The Roumba's a good search tool when there are a lot of average size fish, say your 2-3 pounders. They may not always take the bait solidly but they will come up behind the Roumba and show themselves. So it's a search tool, and it will tell you where a few of those 2-3 pound fish are, and they'll go right back to a piece of cover, a log, or a stick-up. Some fish may have a bed that the Roumba pulled them away from... and they'll go back into those spots. So you can pick up something else, a Texas-rigged worm or a Senko, and catch those relatively smaller fish that wouldn't commit to the Roumba.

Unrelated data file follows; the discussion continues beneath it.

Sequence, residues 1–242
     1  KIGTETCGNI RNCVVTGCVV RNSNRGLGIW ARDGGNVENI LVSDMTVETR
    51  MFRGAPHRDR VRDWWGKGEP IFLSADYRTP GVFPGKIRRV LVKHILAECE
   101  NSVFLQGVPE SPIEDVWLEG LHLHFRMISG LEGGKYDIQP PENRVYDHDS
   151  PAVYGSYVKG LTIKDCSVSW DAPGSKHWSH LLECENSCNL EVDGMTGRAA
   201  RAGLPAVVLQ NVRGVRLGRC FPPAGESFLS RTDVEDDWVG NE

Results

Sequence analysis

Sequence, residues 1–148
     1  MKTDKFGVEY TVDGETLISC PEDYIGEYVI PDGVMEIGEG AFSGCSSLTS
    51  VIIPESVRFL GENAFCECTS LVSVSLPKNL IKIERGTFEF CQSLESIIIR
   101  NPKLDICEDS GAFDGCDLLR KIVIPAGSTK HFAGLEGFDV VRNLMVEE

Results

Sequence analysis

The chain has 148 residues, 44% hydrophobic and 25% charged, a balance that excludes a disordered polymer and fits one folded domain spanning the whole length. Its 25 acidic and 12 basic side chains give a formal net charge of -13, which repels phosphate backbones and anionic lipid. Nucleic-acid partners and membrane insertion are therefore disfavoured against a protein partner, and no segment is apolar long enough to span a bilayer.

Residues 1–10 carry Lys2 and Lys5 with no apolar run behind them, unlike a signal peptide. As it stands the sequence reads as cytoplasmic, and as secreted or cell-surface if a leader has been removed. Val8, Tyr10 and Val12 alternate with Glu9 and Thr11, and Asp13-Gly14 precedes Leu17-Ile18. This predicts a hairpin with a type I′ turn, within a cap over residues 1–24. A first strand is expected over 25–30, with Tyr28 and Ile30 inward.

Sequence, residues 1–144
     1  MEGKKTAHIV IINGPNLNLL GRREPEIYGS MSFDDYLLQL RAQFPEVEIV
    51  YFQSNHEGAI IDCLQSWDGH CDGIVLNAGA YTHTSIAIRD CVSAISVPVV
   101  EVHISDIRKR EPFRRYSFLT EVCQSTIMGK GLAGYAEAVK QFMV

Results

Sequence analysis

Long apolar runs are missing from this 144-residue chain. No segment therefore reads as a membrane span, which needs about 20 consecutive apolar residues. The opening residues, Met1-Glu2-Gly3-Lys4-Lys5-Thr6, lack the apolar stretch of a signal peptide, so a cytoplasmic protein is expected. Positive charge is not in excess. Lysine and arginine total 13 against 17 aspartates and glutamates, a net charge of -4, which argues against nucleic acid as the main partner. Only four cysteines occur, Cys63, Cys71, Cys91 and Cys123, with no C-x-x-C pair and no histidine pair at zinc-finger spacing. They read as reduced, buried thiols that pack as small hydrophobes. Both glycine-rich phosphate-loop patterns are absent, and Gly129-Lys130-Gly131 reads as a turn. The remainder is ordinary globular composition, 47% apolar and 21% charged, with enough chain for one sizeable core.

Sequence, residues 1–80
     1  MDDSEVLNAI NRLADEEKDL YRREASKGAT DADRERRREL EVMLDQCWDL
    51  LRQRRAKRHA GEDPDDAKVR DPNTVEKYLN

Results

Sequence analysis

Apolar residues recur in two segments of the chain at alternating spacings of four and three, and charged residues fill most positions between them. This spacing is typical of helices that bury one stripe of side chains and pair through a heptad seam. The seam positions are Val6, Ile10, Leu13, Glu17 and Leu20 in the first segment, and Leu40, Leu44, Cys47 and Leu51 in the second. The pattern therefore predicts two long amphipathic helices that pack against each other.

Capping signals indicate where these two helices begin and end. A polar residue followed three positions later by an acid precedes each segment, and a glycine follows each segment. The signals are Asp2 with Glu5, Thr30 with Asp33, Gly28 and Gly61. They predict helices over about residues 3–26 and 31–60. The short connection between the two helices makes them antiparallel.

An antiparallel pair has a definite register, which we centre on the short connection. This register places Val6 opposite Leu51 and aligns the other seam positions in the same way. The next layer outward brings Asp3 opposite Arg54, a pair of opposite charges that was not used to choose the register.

That's not to say you will not catch these 2-3 pounders on the Roumba. Yes, you will get a fair percentage of them - but not all of them will strike.

What you'll find different when it comes to bigger bass, is that you will pretty much stick the huge fish that come up on the Roumba. Usually, if you get around a big fish, it will commit. So the Roumba, if you throw it enough, it will definitely increase your chances to get those bigger fish, and in a tournament situation, the Roumba will get those good kicker fish you need these days. The Roumba has been proven to get that better grade of fish in shallow cover.


Captain Karl Bunch: The Roumba is designed primarily to be a topwater wakebait. Simply hold the rod tip at about ten or eleven o'clock and just a steady retrieve on a medium/heavy rod will give it a nice, wide wobbling wake. There's no rattle, just a wake - and that's what gets their attention.